Carrol Vertrees: Old sayings resonate on the porch
BY CARROL VERTREES For the Post-Tribune September 21, 2013 1:14PM
Updated: October 23, 2013 6:17AM
In the smug, convenient conclusion that my advanced age deserves a lot of respect, I feel free to spend a lot of time on my porch pondering the meaning of life.
Like I wonder what this anonymous fellow (or lady) meant by, “If you make a mess, clean it up.” Does it mean that I should mop and do menial stuff? Probably it goes deeper than that, but I do not want to act in haste.
I usually come back to this from Yogi Berra: “When you come to a fork in the road, take it.”
Pithy sayings don’t all come from famous folks. Like this one: “You can lead a horse to water, but you cannot make him drink.” It is true.
I think of that from an anonymous author when I remember how Miss Grace led me to the trough of understanding about a mysterious thing called algebra. She could not get me to drink. Algebra is a creation with a lot of unknowns. One of the unknowns is, “Who needs algebra?” Maybe Yogi knows.
There is another rural truism mentioned in the Bible or a hymn. Something about “All we like sheep.” I remember being drenched during a big storm, trying to get dozens of sheep to come home to shelter. They refused to enter the open gate until I forced one through and then they all followed. Sounds like humans. We like to follow.
As I sit on the porch watching birds and ruminating over famous sayings, I quickly remember this one: “If you don’t know how to operate it, leave it alone.”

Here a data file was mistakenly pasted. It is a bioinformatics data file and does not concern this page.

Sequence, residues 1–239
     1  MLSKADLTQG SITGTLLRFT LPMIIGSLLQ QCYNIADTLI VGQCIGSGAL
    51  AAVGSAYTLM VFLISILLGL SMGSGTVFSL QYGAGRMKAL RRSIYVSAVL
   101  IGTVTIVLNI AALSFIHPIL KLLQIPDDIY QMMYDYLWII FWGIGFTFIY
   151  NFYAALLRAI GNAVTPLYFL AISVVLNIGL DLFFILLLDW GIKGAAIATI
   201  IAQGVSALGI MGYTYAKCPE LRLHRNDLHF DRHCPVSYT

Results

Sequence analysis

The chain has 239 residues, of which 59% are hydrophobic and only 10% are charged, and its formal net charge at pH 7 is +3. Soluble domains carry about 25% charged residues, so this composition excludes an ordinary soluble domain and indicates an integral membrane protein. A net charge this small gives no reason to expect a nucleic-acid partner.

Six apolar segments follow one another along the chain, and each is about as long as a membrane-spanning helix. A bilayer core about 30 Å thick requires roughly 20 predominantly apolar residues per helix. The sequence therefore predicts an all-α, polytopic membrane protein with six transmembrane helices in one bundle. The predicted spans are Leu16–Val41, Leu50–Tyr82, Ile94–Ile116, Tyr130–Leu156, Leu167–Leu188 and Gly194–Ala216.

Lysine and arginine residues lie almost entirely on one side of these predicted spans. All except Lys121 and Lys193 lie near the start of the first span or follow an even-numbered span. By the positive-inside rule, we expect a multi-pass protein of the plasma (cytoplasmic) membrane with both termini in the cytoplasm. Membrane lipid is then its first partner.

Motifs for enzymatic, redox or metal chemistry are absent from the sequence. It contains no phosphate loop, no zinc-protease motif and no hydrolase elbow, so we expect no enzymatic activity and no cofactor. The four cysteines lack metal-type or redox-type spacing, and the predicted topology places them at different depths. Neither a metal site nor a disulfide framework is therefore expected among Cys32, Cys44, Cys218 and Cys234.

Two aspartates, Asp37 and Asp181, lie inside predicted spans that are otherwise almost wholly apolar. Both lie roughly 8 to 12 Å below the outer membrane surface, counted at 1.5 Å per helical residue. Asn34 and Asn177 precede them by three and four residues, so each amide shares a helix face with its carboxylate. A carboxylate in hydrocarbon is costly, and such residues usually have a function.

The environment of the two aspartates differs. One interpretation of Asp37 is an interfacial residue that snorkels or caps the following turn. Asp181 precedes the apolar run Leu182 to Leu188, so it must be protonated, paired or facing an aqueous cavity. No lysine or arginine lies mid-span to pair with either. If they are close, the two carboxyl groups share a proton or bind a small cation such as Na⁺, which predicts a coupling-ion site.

This one is a gem: “If it will tarnish someone’s reputation, keep it to yourself.”
Try these during your Happy Hour: Mark Twain said, “Wagner’s music is better than it sounds.” H.G. Wells said, “Moral indignation is jealousy with a halo.” And this from Golda Meier to a diplomat: “Don’t be so humble. You aren’t that great.”
Gen. MacArthur said, “We are not retreating — we are advancing in another direction.”
Even I, a farm boy, created a phrase that family members did not let me forget. When I could not find something my mom sent me to get, she always found it quickly, and I said, “It wasn’t there when I looked.” Was I the only kid who ever said something like that?
Most of us won’t have our names linked to memorable sayings, but we can leave our mark. The anonymous writer tells us in profound simplicity: “If it will brighten someone’s day, say it.”
Even I know that it is not always words that mean so much, as a wise fellow reminds us: “People may not recall what you said, or what you did, but they will never forget how you made them feel.”
I reckon that means we may not know if we touch people, but they will know.
Sitting in an easy chair on the porch, just thinking is rewarding, but unfortunately it does not get the floor mopped.